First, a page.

“Hello Canada and hockey fans in the United States…”
That melodious greeting from Canada’s original and most famous hockey broadcaster has signalled the beginning of Foster Hewitt’s radio accounts of Toronto Maple Leafs games for many years. Hewitt, who described a hockey game over the airwaves for the first time in 1923 and was inducted into the Hockey Hall of Fame last year, may have even greater accomplishments in his future.
McMahon Group Folds Expansion Bid
With the news this week that one Vancouver group is ending their quest for a National Hockey League expansion franchise, the way was left clear for Fred Hume and his associates to pursue a team for the west coast city. As the dust begins to settle after these developments, Foster Hewitt’s name has surfaced in connection with Hume’s group.
There have been whispers that Hewitt had been approached by several parties to participate in a Vancouver NHL bid.
The first group to organize was headed by prominent Vancouver businessmen Max Bell and Frank McMahon. Mervyn (Red) Dutton became a member of that little cluster, ostensibly to provide credibility. Dutton was a fine NHL player who was elected to the Hockey Hall of Fame in 1958. He also served as the president of the NHL for three and a half years between February 1943 and September 1946. He is still believed to hold the rights to the Brooklyn Americans franchise which was suspended by the NHL in September of 1942.
For reasons which aren’t entirely clear now, things began to unravel for McMahon’s group. This is curious, because Dutton and McMahon have extensive relationships with the current group of NHL governors.
Hume, McLean Form Partnership
Hume, owner of the Vancouver Canucks of the Western Hockey League always had a desire to turn his team into a big-league franchise. An advantage of granting a franchise to Hume for the NHL is that there would be no indemnification fee that would have to be paid to Hume for the league invading his territory.
Bell and McMahon attempted to buy the Canucks from Hume for $350,000 but that offer was summarily dismissed.
Hume instead sold part of his stake in the Canucks to Cyrus McLean, head of the B.C. Telephone Company. This not only upped Hume’s credibility, but added to the financial wherewithal of the group. Several other prominent west coast businessmen came on board at the same time, and a rather imposing syndicate was formed.
Hewitt had been approached by a third Vancouver group, headed by John Taylor, son of hockey legend Fred (Cyclone) Taylor. Taylor’s approach was not well organized and Foster wasn’t terribly impressed. But his interest in a Vancouver team was aroused and he contacted Hume and McLean. They were thrilled at the prospect of having Hall of Famer Hewitt as part of their team.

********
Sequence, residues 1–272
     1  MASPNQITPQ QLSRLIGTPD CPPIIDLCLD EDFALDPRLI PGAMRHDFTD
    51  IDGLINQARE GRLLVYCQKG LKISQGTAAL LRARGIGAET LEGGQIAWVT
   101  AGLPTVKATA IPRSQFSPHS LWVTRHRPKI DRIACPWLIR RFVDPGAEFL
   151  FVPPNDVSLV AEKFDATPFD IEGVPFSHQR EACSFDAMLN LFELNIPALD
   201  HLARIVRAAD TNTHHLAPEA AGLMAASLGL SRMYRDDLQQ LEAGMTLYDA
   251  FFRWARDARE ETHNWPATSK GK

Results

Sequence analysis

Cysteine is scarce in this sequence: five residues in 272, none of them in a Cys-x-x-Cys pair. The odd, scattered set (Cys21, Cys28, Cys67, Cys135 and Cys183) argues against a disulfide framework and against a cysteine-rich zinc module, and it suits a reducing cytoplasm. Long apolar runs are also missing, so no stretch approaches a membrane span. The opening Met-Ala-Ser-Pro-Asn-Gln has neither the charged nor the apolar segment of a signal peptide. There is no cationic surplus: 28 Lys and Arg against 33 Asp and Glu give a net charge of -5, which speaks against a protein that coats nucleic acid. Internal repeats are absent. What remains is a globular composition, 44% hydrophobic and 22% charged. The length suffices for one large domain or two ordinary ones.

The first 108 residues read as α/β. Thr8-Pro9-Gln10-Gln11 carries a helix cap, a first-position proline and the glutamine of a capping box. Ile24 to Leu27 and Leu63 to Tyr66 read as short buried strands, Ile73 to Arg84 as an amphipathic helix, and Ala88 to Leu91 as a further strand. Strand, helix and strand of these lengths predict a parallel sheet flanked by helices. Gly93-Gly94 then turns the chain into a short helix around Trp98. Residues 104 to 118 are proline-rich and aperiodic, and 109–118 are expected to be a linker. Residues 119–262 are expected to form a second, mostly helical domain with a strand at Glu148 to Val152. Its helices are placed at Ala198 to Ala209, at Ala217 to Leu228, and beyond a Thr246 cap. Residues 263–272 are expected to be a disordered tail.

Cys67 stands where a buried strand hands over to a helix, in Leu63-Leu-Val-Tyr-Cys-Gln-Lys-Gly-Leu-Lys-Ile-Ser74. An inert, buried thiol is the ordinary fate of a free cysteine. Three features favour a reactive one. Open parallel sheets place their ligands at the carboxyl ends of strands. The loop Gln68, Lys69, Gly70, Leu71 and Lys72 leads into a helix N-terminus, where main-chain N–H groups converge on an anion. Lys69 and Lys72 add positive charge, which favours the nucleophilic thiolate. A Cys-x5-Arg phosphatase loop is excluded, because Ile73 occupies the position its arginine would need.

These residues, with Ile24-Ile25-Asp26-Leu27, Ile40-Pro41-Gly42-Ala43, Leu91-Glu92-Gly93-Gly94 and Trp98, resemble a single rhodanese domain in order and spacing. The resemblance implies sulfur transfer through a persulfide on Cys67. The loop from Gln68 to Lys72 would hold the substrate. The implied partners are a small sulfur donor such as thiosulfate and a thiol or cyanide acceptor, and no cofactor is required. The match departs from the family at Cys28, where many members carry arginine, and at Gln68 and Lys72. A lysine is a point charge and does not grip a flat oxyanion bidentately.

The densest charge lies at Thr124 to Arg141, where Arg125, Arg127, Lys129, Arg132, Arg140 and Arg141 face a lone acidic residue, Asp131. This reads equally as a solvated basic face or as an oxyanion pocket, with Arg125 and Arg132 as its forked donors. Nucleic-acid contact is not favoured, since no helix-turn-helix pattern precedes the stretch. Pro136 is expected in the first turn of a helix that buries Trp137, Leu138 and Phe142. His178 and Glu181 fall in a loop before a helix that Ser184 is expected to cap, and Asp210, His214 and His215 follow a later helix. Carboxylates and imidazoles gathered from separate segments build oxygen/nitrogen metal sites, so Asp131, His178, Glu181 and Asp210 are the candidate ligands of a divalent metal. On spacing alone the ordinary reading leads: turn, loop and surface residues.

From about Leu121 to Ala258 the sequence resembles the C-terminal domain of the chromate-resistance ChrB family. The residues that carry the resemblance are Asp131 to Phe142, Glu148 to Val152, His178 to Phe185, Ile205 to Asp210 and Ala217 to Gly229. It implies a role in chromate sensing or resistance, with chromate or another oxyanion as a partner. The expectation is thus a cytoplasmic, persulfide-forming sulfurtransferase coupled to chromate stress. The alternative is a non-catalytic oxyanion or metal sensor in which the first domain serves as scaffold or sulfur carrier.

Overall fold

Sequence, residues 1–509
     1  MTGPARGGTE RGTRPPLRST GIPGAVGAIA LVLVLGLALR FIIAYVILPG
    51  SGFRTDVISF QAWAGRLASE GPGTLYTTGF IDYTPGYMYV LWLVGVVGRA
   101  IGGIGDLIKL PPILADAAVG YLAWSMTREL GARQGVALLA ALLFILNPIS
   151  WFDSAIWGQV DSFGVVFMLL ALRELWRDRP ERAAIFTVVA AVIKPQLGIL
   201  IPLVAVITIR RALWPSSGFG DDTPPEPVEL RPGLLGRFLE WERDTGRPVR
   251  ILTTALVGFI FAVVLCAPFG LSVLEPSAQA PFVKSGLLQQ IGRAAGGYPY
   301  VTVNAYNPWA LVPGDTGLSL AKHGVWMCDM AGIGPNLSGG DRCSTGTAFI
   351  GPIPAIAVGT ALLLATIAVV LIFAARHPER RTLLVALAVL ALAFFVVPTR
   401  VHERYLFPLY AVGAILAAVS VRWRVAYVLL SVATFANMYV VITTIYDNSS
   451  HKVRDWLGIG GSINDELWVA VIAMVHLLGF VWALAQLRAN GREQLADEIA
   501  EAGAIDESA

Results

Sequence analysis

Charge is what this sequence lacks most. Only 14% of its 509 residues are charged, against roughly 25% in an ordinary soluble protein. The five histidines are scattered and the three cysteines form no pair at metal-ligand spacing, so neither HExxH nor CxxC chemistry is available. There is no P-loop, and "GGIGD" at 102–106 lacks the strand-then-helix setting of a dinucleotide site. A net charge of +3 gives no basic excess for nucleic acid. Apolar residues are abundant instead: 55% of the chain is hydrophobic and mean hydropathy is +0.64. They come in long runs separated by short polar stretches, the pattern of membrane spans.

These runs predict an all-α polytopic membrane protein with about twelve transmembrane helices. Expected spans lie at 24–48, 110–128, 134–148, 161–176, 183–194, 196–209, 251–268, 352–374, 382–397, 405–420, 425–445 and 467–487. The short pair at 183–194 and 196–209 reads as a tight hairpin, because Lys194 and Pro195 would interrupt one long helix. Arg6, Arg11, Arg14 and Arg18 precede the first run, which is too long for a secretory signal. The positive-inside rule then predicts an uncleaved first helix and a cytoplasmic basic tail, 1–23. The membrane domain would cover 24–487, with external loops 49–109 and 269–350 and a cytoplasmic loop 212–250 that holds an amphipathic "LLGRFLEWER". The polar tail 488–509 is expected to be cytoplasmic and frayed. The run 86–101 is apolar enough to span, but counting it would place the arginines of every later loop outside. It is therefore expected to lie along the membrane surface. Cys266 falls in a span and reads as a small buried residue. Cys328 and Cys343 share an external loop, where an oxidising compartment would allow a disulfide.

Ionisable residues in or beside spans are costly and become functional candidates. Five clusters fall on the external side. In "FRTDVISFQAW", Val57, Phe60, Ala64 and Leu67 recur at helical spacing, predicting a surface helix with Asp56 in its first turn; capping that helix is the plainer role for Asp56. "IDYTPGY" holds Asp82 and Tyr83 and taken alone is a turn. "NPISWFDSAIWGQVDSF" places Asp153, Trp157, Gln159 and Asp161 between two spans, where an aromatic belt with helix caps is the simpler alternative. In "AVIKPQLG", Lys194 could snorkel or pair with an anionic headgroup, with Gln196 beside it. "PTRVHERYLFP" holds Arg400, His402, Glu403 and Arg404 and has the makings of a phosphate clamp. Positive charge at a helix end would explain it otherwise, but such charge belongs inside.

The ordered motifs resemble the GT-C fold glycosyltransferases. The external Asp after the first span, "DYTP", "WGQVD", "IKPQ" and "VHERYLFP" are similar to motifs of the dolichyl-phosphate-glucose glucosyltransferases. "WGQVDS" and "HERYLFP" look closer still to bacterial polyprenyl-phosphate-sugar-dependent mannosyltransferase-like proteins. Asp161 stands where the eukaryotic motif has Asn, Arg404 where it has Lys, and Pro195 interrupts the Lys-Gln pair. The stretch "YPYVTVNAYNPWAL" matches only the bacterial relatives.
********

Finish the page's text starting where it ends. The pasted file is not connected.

Hewitt Spurs Hope for TV Deal
Not only would Foster Hewitt provide the NHL connection lacking within the group, but his mere presence would likely be a valuable asset when negotiating a television contract. While not widely publicized, television rights are going to be a large part of the business model for every expansion team.
There are still obstacles to a Vancouver team in the NHL. The city has a deplorable rink which must be replaced. It’s cold, draughty, rickety and far too small. If Federal and Provincial governments are to be believed, $4,000,000, which once belonged to taxpayers, has been ticketed for a new rink. The City of Vancouver will kick in another couple of millions as well. It’s debatable whether that’s enough to build the type of coliseum suitable for NHL purposes, but it’s a good start.
It’s not the start that will get the franchise, but the finish. And it looks like Foster Hewitt could be the piece that pushes it over the top.
- Toronto Marlboros outscored Montreal Junior Canadiens 8-6 last night in OHA Junior A play in Toronto. Mike Corrigan had six points for Marlies with two goals and four assists. Mike Myers also had two for Toronto. Lucien Grenier, Jacques Lemaire and Michel Lapalme had two each for Montreal.
- Niagara Falls defeated Kitchener 5-3 in the other OHA game. Don Marcotte led the way for Niagara with two goals.
- Rochester Americans downed the Buffalo Bisons 5-2 in the only AHL contest. The score would have been much worse had Roy Edwards not been spectacular in goal for Buffalo. Mike Walton, Bronco Horvath, Red Armstrong, Peter Stemkowski and Gerry Ehman scored for the Amerks.
- Jack Adams, former general manager of the Detroit Red Wings, says that if he were starting a new team today, the two players he would build around are Norm Ullman of the Red Wings and Maple Leafs’ Bob Pulford.